NEW YORK (CNS) — Sheer provocation designed to generate controversy often helps TV programming gain an edge over the competition in an increasingly crowded, global marketplace. With their more-than-irreverent comedy special “The First Temptation of Christ,” however, the Brazilian comedy troupe Porta dos Fundos (Back Door) have gone too far.
Even before it began streaming on Netflix Dec. 3, the 45-minute film generated petition drives among Brazil’s Christians calling for the show to be removed and Netflix to be boycotted. They were understandably outraged by the program’s blasphemous content, including its depiction of Jesus as involved in a gay relationship.
Along with these peaceful protests, however, came violence. A militant Christian group acknowledged responsibility for bombing the ensemble’s Rio de Janeiro headquarters with two Molotov cocktails on Christmas Eve.
“The First Temptation” is a successor of sorts to Porta dos Fundos’ “holiday” special for 2018, “The Last Hangover.” That short film depicted the drunken Apostles trying to determine what happened to Jesus when he seemingly disappeared after the Last Supper. Sad to say, it won an international Emmy Award.
In Portuguese with English subtitles, “The First Temptation” begins at a surprise party for Jesus (Gregorio Duvivier) on his 30th birthday. Joseph (Rafael Portugal) and Mary (Evelyn Castro) are particularly eager to celebrate this significant milestone because their son has just spent 40 days in the desert.
They also plan to use the occasion to break a bit of news to Jesus that they’ve kept from him until now: his Uncle Victorio (Antonio Tabet) is actually God the Father. And the time has come for Jesus to begin his public ministry.
Arriving with Orlando (Fabio Porchat), a gentleman friend he met in the wilderness, Jesus has other plans in mind. He thinks his high calling may, in fact, be juggling and that he might prefer to go backpacking with Orlando rather than preach the Gospel.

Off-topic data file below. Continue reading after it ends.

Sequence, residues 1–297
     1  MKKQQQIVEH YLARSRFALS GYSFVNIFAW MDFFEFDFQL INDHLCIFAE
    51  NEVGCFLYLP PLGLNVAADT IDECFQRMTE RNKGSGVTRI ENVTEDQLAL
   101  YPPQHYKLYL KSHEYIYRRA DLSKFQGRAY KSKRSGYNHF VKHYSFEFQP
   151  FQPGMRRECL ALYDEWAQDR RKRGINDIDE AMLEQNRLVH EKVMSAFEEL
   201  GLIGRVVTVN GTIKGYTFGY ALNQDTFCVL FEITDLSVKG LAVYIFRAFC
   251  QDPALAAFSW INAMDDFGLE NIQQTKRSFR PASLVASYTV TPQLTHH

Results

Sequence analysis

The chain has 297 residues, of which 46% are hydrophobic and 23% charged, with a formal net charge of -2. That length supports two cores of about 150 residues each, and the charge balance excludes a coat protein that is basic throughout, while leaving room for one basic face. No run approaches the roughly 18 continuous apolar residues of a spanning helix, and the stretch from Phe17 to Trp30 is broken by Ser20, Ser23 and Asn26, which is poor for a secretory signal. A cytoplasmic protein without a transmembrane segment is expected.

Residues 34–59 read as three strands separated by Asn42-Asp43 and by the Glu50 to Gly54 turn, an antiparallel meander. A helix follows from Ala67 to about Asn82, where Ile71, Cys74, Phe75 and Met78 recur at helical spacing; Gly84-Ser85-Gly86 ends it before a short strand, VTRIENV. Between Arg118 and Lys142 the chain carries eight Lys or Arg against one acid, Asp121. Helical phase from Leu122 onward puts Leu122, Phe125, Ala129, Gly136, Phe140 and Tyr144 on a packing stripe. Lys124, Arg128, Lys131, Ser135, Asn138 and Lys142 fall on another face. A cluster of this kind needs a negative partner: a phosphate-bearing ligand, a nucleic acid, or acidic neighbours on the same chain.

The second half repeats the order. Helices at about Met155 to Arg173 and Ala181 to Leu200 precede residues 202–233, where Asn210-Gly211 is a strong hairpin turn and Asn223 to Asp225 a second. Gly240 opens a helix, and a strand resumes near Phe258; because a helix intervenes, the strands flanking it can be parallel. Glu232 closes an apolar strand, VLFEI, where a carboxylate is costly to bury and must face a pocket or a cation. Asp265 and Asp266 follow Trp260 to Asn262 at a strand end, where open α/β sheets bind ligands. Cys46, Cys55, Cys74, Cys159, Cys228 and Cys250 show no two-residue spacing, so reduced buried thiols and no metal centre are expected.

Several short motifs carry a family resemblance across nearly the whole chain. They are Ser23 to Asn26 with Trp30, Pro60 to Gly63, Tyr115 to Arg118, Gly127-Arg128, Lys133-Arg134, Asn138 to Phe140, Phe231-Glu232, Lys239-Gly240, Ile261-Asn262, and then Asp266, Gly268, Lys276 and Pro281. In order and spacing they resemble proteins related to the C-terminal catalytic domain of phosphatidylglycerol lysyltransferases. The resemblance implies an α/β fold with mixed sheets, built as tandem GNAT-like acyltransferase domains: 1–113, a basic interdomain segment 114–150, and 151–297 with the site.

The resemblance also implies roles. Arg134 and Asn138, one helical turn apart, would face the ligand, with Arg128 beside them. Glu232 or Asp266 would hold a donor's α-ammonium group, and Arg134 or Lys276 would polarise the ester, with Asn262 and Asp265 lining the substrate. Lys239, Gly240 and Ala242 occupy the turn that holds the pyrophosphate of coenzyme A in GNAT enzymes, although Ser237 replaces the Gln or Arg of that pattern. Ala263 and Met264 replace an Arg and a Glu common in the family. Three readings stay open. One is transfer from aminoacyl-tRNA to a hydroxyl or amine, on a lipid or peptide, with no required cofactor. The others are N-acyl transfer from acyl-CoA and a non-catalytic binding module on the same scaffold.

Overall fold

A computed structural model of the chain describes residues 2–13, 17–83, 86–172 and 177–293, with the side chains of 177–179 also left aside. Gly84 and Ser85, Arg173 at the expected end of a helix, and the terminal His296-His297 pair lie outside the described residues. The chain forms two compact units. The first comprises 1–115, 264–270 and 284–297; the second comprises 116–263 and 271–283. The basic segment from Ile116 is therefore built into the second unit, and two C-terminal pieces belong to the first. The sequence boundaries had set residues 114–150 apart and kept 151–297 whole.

After drinking his mom’s “funny” tea, Jesus embarks on a consciousness-altering trip — in the 1960s sense — during which he encounters other religious leaders: Buddha, Shiva, Jah and Allah. Emerging from his psychedelic journey, Jesus now understands that Orlando is Lucifer.
At least some of the special’s jokes are innocuous and funny. For instance, when God says, “No angels were harmed in the making of this angel food cake,” it’s a clever send up of the film industry’s standard disclaimer about animals.
These small successes aside, though, “The First Temptation” offends in a multitude of ways. Many naturally direct their outrage at Jesus’ relationship with Orlando. But that’s just the start. The show portrays God the Father as a lecher engaged in a sexual relationship with Mary, who, in turn, also carries on with Lucifer. Other sexual humor concerns Jesus himself.
Such material, which clearly crosses the line from the merely cheeky or impudent to the gratuitously insulting, would be unwelcome at any time. But with Christians enduring persecution in various parts of the globe and other forms of religious prejudice seemingly on the rise, it resonates as especially ill-judged and insensitive.
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Byrd is a guest reviewer for Catholic News Service.